As recent college graduates leave behind the term papers, dorms, and red Solo cups, they are discovering sobering truths about the cost of their education.
A new report out today from the Project on Student Debt shows that average debt for college seniors graduating in 2010 was $25,250, the highest on record, and up 5.2 percent from the 2009 figure of $24,000. In recent years, that average debt figure has grown steadily and has generally outpaced inflation, even as earnings for bachelor's-degree holders have stagnated.
Census data shows that the gap between debt levels and earnings continues to narrow. Looking at the last five years, debt has grown steadily, while the median income for people who have achieved bachelor's degrees has, on the whole, shrunk. Adjusted for inflation, average debt for graduating college seniors has risen by approximately 11 percent over the last five years, while the median earnings for bachelor's degree-holders 25 and older have fallen by 3 percent. [See a collection of political cartoons on Occupy Wall Street.]
That median earnings figure, of course, does not reflect how much a recent graduate earns, as it takes into account all people 25 years and older; those who have spent longer in the workforce are likely to make much more money than those who are less experienced. However, the data suggests that a bachelor's degree is worth less than it used to be, while the cost for such a degree continues to rise.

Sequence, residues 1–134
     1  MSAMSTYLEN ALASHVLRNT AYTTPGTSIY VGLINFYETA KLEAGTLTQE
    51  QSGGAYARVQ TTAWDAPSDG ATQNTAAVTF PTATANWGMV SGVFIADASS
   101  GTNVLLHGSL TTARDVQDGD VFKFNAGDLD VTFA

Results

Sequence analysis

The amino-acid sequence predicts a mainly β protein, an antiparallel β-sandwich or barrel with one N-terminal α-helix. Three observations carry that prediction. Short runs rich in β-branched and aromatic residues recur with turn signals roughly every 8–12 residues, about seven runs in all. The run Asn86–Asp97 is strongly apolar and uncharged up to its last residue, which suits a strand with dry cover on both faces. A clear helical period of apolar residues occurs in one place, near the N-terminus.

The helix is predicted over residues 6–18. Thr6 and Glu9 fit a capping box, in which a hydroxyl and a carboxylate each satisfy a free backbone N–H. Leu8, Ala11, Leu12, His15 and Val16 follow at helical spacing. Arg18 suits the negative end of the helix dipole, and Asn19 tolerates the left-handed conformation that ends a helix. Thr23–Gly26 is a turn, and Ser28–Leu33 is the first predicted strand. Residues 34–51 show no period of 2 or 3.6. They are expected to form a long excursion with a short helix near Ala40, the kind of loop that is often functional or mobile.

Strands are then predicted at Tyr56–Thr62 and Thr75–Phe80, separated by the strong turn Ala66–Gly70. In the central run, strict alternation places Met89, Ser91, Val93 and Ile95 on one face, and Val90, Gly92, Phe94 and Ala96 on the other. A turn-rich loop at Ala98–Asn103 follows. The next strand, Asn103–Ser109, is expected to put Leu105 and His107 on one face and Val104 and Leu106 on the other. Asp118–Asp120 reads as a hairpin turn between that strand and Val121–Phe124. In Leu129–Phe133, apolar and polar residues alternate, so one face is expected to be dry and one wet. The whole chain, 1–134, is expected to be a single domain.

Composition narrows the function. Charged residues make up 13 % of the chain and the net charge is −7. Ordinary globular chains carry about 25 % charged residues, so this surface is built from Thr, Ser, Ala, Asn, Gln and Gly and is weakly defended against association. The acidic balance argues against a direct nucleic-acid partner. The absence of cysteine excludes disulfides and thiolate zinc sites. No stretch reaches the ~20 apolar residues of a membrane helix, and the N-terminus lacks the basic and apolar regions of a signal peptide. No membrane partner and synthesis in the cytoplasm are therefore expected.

Additionally, in the current labor market, even earning money is a challenge. Young Americans are having a particularly difficult time finding work. The unemployment rate for young college graduates was 9.1 percent in 2010, up from 8.7 percent in 2009.
The increase in student debt is nothing new, says Lauren Asher, president of the Institute for College Access & Success. "Overall, college costs have outpaced both family incomes and available grant aid for some time," she says. Increased debt results from a combination of factors, she says, including rising college costs, lower incomes, and also cash-strapped state budgets, resulting in less aid to students in some states. [See photos of the Occupy Wall Street protests.]
Of course, receiving a bachelor's degree still provides substantial advantages over the alternative; according to the Project on Student Debt, the unemployment rate for 20- to 24-year-olds with only a high school education was 20.4 percent in 2010, more than double the rate for young college graduates. Likewise, the median income for those with only a high-school diploma or its equivalent in 2010 was $26,349, more than 40 percent less than the median income for college grads. [See a collection of political cartoons on the economy.]
The table below shows how the costs and benefits of a diploma have changed in recent years for college graduates. Though the average debt figures are rounded estimates, adjustment for inflation suggests that real debt for 2010 graduates is substantially higher than in the prior four years.
|Year||Average Debt||Average Debt (2010 $)||Median Earnings||Median Earnings (2010 $)||Debt:Earnings (inflation-adjusted)|
Sources: Project on Student Debt, U.S. Census American Community Surveys (1-year estimates, 2006-2010), Bureau of Labor Statistics CPI Inflation Calculator.
President Obama recently announced plans to change student loan repayment rules in the United States, altering the existing income-based repayment program and allowing some low-earning new graduates to make even lower monthly payments, and allowing many more to consolidate their loans with lower interest rates. The plan could provide much-needed relief to heavily burdened graduates in an uncertain job market. However, the longer-term problems of high joblessness, stagnant earnings, and ballooning debt will take much longer to solve.
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